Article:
May 23 in U.S. military history

USS New Jersey (BB-62) firing its 16-inch Mark 7 naval guns. Each of the nine barrels could be aimed and fired independently, sending a 2,700-lb. armor piercing shell some 24 miles downrange. The shell could pierce 20 inches of armor and 21 feet of hardened concrete. A 1,700-lb. explosive round leaves a 20-ft. deep by 50-ft. wide crater and could defoliate trees 400 feet away from the impact site.

1862: Confederate forces under the command of Maj. Gen. Thomas J. “Stonewall” Jackson strike, outmaneuver, and – with textbook coordination of infantry, cavalry, and artillery – decisively defeat Union Army forces under Col. John R. Kenly at Front Royal, Virginia.

1943: The most decorated battleship in the U.S. Navy, USS New Jersey (BB-62), is commissioned at Philadelphia. “The Big J” earned 19 battle stars and numerous other commendations during her 48 years of service, which covered actions in the Pacific Theater of World War II, Korea, Vietnam, Lebanon, and the Persian Gulf.

1944: In Italy, VI Corps at the Anzio Beachhead begin their breakout. Fighting is intense – the 3rd Infantry Division suffers nearly 1,000 casualties, the most by any American division in a single day of the entire war, and the German troops defending Cisterna are annihilated in house-to-house combat.

The breakout is a success. Rome will be in Allied hands in days.

1967: U.S. congressman James Howard reads a letter sent from a Marine serving in Vietnam stating that most of the casualties in the Battle of Hill 881 were due to malfunctions with the unit’s new M-16 rifle. The weapon is shorter and lighter than the M-14 it replaced earlier in the year as the U.S. military’s standard service rifle, but does not come with adequate cleaning kit as the new rifle is billed as self-cleaning. Serial reports of dead soldiers and Marines found next to their malfunctioning M-16s anger the American public, until improvements to the rifle and ammunition make the weapon far more reliable.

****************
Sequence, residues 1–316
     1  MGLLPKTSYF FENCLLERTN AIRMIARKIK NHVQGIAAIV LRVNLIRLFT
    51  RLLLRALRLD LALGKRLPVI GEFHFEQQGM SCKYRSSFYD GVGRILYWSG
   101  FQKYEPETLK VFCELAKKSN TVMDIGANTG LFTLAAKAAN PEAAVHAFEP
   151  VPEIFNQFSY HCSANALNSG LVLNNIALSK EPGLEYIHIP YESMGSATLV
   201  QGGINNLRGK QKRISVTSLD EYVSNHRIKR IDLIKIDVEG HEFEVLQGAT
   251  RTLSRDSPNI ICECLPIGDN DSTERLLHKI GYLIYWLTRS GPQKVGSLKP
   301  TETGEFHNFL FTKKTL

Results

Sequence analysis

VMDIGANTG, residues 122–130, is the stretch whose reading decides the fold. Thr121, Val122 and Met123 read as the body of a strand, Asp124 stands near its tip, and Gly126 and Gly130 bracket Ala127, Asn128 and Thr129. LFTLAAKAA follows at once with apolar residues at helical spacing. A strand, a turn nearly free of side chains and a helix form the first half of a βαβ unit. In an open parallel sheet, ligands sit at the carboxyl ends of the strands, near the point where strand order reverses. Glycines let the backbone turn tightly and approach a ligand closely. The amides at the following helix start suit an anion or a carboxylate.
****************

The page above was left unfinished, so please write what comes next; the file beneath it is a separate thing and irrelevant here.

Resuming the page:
50 years later, the M-16/M-4 platform remains the standard rifle of the U.S. military.

Author: Chris Carter

3 thoughts on “May 23 in U.S. military history

  1. I was there in Vietnam in early 1967 when the M-16s were first fielded and saw them fail at high rates. The chambers would be plugged by a fired cartridge case, nearly impossible to clear in less than several minutes during desperate firefights. The safeties would stick on “safe” and required us to hit the safety levers with a bayonet butt to move it. The sights were difficult and counterintuitive to adjust and the initial ammunition was ineffective: I often saw the enemy hit and just keep running.’

    I complained to my Congressman back then – and quickly retrieved my M-14 – and the only response we got at the time was to blame us for “improper cleaning and lubrication”. Only much later did they admit that the ammunition was different than designed and caused those catastrophic failures. It was shameful and it cost us many, many good young men.

    Weapons and their ammunition needs to be thoroughly tested before lives are entrusted to them. The people who pushed the inadequately tested M-16s on us bear that sin on their souls.

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